Richard Hansen <rhan...@bbn.com> writes:
> Signed-off-by: Richard Hansen <rhan...@bbn.com>
> Documentation/glossary-content.txt | 11 +++++++++++
> 1 file changed, 11 insertions(+)
> diff --git a/Documentation/glossary-content.txt
> index 01365d9..a3cc003 100644
> --- a/Documentation/glossary-content.txt
> +++ b/Documentation/glossary-content.txt
> @@ -82,6 +82,17 @@ to point at the new commit.
> to the top <<def_directory,directory>> of the stored
> +[[def_committish]]committish (also commit-ish)::
> + A <<def_ref,ref>> pointing to an <<def_object,object>> that
> + can be recursively dereferenced to a
> + <<def_commit_object,commit object>>.
> + The following are all committishes:
> + a ref pointing to a commit object,
> + a ref pointing to a <<def_tag_object,tag object>> that points
> + to a commit object,
> + a ref pointing to a tag object that points to a tag object
> + that points to a commit object, etc.
<object-type>-ish does not have anything to do with a ref. Even
when an object is dangling in your object store without being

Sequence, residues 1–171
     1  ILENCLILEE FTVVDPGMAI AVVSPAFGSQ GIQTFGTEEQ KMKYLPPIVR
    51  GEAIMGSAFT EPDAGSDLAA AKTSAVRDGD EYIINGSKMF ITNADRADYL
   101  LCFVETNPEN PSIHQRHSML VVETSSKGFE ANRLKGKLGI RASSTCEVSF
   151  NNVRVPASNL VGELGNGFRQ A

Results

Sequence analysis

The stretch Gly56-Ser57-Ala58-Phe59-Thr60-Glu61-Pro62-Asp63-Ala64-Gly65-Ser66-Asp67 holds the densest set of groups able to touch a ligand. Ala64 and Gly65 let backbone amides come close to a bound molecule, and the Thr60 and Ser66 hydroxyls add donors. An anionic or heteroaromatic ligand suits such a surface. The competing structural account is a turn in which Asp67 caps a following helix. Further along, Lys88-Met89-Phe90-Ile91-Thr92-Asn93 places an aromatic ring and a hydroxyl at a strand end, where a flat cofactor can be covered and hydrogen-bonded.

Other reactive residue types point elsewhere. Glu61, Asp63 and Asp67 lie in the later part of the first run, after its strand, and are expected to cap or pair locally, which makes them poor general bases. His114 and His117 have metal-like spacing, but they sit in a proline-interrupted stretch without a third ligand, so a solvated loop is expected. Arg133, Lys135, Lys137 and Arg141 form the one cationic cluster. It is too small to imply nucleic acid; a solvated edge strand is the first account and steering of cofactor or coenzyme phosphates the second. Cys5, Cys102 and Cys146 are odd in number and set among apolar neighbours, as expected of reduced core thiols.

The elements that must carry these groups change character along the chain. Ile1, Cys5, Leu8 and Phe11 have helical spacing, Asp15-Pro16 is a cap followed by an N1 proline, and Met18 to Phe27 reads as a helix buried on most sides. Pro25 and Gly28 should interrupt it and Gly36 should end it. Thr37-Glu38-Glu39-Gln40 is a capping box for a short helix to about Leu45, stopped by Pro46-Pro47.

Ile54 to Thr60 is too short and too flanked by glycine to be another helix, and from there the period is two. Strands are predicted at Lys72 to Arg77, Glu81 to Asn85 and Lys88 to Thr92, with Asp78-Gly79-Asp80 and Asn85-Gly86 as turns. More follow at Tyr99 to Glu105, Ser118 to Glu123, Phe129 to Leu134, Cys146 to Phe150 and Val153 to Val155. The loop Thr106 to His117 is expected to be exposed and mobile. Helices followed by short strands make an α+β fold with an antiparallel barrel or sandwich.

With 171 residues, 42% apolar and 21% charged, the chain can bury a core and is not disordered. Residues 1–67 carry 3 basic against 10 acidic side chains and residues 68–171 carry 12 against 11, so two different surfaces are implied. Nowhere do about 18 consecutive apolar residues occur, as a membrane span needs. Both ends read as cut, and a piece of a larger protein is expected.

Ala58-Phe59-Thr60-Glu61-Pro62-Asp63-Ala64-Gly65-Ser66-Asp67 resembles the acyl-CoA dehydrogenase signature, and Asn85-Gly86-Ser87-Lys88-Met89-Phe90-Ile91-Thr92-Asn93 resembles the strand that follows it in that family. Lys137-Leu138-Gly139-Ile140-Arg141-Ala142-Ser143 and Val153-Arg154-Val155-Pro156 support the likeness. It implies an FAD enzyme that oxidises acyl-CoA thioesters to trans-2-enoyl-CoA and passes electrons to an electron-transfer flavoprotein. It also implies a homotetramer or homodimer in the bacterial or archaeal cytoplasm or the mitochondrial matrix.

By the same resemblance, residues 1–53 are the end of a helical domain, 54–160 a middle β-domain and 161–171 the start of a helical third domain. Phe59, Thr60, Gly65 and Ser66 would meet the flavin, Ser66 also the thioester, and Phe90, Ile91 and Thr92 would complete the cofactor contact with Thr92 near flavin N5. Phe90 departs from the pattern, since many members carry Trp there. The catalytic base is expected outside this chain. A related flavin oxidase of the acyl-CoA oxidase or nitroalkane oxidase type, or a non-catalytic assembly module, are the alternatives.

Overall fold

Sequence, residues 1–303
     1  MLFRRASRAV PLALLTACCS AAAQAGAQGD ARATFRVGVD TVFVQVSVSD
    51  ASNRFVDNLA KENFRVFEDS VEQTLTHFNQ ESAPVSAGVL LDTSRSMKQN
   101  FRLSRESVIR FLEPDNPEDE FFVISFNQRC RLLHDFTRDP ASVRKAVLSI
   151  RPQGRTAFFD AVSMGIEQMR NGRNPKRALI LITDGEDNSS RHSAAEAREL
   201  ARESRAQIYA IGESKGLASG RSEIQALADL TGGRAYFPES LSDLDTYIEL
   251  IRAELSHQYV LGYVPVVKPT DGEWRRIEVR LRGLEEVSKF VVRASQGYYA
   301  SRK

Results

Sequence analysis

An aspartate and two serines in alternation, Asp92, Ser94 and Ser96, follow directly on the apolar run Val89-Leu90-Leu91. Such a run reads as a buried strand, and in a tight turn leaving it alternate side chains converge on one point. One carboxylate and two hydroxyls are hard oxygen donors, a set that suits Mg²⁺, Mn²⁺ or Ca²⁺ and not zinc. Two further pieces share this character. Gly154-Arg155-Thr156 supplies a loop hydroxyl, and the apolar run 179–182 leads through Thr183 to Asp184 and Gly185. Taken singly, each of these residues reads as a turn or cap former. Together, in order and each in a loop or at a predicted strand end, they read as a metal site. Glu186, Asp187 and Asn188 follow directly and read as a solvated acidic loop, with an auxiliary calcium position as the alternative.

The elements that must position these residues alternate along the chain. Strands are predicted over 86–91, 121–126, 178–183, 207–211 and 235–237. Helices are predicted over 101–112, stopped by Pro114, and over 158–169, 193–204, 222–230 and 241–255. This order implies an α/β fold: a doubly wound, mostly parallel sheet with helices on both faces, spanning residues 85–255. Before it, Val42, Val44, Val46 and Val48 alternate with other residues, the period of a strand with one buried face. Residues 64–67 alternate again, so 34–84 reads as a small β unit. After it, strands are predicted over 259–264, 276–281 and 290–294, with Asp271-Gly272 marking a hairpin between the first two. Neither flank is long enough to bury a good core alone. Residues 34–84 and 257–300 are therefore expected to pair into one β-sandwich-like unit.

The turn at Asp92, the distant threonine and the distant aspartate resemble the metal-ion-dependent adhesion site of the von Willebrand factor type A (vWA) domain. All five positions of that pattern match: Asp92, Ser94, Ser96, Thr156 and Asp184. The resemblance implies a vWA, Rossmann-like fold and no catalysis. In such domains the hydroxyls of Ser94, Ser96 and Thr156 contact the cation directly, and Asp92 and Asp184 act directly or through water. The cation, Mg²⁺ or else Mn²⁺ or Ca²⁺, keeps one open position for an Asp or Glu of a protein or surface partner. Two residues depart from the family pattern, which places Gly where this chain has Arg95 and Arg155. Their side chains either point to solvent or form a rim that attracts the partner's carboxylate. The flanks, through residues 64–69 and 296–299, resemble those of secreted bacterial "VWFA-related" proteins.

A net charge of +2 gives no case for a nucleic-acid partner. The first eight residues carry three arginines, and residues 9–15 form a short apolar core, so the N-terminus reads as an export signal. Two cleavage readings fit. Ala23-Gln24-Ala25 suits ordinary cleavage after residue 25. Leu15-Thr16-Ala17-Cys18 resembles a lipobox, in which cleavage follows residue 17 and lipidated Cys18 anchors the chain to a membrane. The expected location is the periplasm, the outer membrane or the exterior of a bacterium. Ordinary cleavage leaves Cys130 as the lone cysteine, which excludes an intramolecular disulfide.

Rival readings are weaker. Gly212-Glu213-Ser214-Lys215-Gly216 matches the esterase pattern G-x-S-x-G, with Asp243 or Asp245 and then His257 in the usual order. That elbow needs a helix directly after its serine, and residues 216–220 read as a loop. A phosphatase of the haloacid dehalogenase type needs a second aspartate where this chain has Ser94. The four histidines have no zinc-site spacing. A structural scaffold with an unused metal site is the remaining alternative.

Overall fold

reachable from any of your refs, it keeps its own "ish"-ness.
"ish"-ness is a property of the object itself.
* A commit object has a single top-level tree, and when a command
wants a tree object, you can often pass it a commit (historically
some commands were more strict and refused to work on a commit
when they wanted a tree). In other words, a commit can be used
in place for a tree. A commit object is a tree-ish.
* A tag object, when it points (recursively) at a commit object,
can often be used in place for a commit object. Such a tag
object is a commit-ish.
* A tag object, when it points (recursively) at a tree object, can
often be used in place for a tree object. Such a tag object is a
tree-ish. Note that such a tag object cannot be a commit-ish.
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